The downside to the One’s highlights reel autonomy is the feature remains relatively buried, almost hidden in the gallery app rather than front and center like Blinkfeed. The highlights reel is easy to demonstrate to someone else, it’s just not as obvious of a feature when you pick up the phone for the first time.

I haven’t touched on Zoe, the ability to simultaneously shoot stills and record a short video - both at full res. Zoe is a difficult feature to really explain without demonstrating it, but it does wonders in the creation of highlights reels. Zoe is a great way of dealing with the problem of what to do when your subject is in motion - do you hope for a good still or just capture a video? Zoe interestingly enough does both. It’ll capture a 1080p30 video, as well as 20 full resolution (4MP) stills at the same time.

I’ve mostly been using Zoe as a way to make my highlights reels more interesting, but the best use case I’ve seen was actually by a friend of mine who used it to capture the actions of some street performers in Europe. In one Zoe he had performers spinning on their heads, which typically would make for a good video or an emotionless (but potentially cool) still. Zoe delivered both.

The One, like Nokia’s Lumia 920, features optical image stabilization (OIS), which is designed to help both in shooting video as well as improving low light performance. In practice, I’m not super impressed with the OIS implementation on the One. It seems to need a bit of tuning, but I’ll leave it to Brian to explain exactly what’s going on.

Shot to shot latency on the One is amazing. Video quality is solid as well.

The One has the physical beauty to get you interested, but the camera prowess to keep you engaged.

Introduction & Design The Rest of the Features
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  • BoloMKXXVIII - Monday, March 25, 2013 - link

    Nobody uses the SD card slot or removable battery? I replace my battery yearly. Hard to do with the HTC 1 or Iphone. The microSD card slot is not as necessary with a phone with 32 or 64 GB of storage but a lot of phones still come with a measely 8 or 16 GB. Reply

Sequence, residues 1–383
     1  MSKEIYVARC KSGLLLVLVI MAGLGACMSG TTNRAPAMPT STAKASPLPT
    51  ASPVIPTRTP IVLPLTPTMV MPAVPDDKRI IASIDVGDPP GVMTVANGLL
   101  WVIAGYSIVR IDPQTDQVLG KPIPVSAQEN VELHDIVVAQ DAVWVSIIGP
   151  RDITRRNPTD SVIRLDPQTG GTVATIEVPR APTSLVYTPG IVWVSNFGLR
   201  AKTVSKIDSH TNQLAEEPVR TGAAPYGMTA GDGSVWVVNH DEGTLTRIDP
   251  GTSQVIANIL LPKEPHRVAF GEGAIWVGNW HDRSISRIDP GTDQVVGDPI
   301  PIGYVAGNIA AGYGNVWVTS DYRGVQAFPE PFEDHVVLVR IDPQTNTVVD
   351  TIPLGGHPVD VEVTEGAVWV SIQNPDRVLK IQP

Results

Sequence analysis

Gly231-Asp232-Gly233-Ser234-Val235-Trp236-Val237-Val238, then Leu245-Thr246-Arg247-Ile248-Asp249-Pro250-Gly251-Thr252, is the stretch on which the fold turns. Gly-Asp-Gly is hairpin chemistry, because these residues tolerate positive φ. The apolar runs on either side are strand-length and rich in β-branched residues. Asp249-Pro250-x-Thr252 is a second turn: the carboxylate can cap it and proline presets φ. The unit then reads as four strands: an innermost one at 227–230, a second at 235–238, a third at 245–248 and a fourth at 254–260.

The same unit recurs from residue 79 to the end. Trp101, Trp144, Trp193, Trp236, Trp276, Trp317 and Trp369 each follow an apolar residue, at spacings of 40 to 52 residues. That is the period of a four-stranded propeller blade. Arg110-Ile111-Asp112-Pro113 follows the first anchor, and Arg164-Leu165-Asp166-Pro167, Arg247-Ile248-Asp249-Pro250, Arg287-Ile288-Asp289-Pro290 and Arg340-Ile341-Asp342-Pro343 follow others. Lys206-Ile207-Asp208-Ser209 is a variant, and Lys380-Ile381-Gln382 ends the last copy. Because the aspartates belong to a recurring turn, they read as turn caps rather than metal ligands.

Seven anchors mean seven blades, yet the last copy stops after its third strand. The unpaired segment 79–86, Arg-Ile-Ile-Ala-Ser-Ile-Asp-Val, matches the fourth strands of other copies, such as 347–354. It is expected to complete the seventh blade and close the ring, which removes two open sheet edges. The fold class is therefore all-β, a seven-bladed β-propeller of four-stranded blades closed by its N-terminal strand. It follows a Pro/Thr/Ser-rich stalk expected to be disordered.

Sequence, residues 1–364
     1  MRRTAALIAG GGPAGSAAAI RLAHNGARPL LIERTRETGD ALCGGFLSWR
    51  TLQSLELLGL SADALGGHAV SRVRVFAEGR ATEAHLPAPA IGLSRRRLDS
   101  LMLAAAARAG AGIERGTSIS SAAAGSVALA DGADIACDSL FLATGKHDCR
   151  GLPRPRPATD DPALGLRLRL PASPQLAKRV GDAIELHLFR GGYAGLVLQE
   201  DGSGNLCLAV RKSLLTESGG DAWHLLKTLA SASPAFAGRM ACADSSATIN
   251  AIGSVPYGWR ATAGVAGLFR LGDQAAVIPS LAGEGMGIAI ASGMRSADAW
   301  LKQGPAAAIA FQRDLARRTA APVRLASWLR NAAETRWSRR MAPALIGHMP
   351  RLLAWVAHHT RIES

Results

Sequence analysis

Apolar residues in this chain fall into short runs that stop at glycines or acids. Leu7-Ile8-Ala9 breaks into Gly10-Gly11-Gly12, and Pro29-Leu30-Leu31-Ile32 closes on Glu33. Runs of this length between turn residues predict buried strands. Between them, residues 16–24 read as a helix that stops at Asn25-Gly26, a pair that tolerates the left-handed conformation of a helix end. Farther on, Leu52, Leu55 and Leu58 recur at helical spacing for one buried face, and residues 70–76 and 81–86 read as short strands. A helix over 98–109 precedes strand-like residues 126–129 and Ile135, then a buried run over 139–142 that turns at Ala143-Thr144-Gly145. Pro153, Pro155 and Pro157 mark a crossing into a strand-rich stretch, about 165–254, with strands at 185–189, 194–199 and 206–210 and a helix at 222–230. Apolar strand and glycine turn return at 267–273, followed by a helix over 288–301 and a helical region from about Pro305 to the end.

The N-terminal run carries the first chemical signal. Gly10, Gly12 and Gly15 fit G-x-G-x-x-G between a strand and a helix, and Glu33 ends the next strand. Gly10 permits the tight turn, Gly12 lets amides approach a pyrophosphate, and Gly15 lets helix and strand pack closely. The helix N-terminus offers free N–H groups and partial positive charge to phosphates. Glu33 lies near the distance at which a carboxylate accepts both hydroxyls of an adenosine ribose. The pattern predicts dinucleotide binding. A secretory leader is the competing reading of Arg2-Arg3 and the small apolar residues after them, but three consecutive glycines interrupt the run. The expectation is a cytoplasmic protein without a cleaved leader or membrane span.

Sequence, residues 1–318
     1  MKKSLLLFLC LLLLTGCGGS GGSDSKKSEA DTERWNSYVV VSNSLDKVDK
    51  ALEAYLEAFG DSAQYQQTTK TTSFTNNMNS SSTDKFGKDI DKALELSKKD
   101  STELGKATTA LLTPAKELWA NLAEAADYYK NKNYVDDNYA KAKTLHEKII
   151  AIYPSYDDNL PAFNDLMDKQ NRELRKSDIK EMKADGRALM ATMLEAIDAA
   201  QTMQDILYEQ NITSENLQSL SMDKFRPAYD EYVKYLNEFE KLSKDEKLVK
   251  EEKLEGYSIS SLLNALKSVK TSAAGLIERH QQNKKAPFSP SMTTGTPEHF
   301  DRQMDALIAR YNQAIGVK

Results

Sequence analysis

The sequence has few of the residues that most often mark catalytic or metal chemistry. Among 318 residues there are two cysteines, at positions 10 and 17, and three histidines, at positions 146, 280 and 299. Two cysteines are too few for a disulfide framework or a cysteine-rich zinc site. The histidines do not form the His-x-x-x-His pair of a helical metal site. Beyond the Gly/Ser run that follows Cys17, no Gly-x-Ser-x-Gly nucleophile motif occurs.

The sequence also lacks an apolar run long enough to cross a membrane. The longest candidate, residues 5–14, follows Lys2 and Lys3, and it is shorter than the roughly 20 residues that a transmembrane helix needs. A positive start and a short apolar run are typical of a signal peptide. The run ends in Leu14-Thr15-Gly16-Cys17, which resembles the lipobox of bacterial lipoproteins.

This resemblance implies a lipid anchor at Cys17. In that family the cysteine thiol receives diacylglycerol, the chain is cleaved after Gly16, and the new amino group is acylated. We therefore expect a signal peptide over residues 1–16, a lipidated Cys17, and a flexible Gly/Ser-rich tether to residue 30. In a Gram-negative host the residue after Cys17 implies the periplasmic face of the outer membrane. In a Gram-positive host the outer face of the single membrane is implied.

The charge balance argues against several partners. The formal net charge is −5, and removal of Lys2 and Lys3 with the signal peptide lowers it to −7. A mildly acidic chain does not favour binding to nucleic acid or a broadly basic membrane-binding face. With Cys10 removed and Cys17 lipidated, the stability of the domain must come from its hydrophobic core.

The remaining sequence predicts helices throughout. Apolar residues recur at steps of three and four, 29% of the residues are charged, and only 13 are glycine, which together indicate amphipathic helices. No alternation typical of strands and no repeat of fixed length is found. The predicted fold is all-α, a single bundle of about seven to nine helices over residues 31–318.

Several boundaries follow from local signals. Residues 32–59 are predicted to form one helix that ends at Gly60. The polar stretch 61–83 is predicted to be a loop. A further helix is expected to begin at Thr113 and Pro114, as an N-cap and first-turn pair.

• jmunjr - Thursday, March 28, 2013 - link

    Nobody? I swap batteries all the time. I don't have to worry about charging my phone when I have a freshly charged battery at hand, and I can go on a several day trip without charging if I use just 2-3 batteries(at least 2 being extended batteries)... It really sucks when I don't have access to charging and don't have an extra battery. It must suck for people who can't charge and can't change the battery.

    I also can say my phone is MUCH easier to handle with an oversized extended batterry since I have such big hands. Any time I use a skinny phone made for little people I have trouble. Once I add the extended battery/cover I instantly can use the phone with one hand...

    As for the SD card, yes I could conceivably live without it but O do swap cards from time to time. I prefer to have the option mainly for external content. Storing apps on the SD card is not preferable for me for this reason, but being able to have lots data accessible while offline is nice.
    Reply
  • mohnish82 - Saturday, March 30, 2013 - link

    I miss the SD card with my GNex while using Linux. The MTP crap doesn't work well in Linux. Had to go SSH route. Reply
  • darwinosx - Friday, March 22, 2013 - link

    I don't like the grossly oversaturated screens Samsung uses. Given a choice I much prefer the HTC One screen. Whats odd is that Samsung does not use their best display technologies on their phones and tablets. Reply
  • krumme - Friday, March 22, 2013 - link

    Nonsense. On a s3 you can change profile to neutral, and its far better picture for photos than their best pls screens. On the S4 you can change to rgb adobe. Satisfied? Reply
  • Ne0 - Friday, March 22, 2013 - link

    That's why there's the Screen Mode option of Dynamic (if you like over saturation), Standard, Natural (what I choose), and Movie. You have options. Reply
  • RichPaterno - Saturday, April 20, 2013 - link

    Why is it that people who like the GS3 display never seem to notice the bluish tint inherent in these GS phones? Side by side with my HTC one x, the bluish tint is really noticeable and quite annoying Reply
  • s44 - Thursday, March 21, 2013 - link

    As I said elsewhere, HTC has designed the best Android device for iOS users who aren't going to switch anyway.

    This seems a poor market strategy, but if you actually ARE going to switch, that would be big.
    Reply
  • danbob999 - Thursday, March 21, 2013 - link

    good point Reply
  • flyingpants1 - Thursday, March 21, 2013 - link

    Yes, very good point. If you're going to switch from an iPhone, why not switch to a device with the benefits of removable battery/microsd? Reply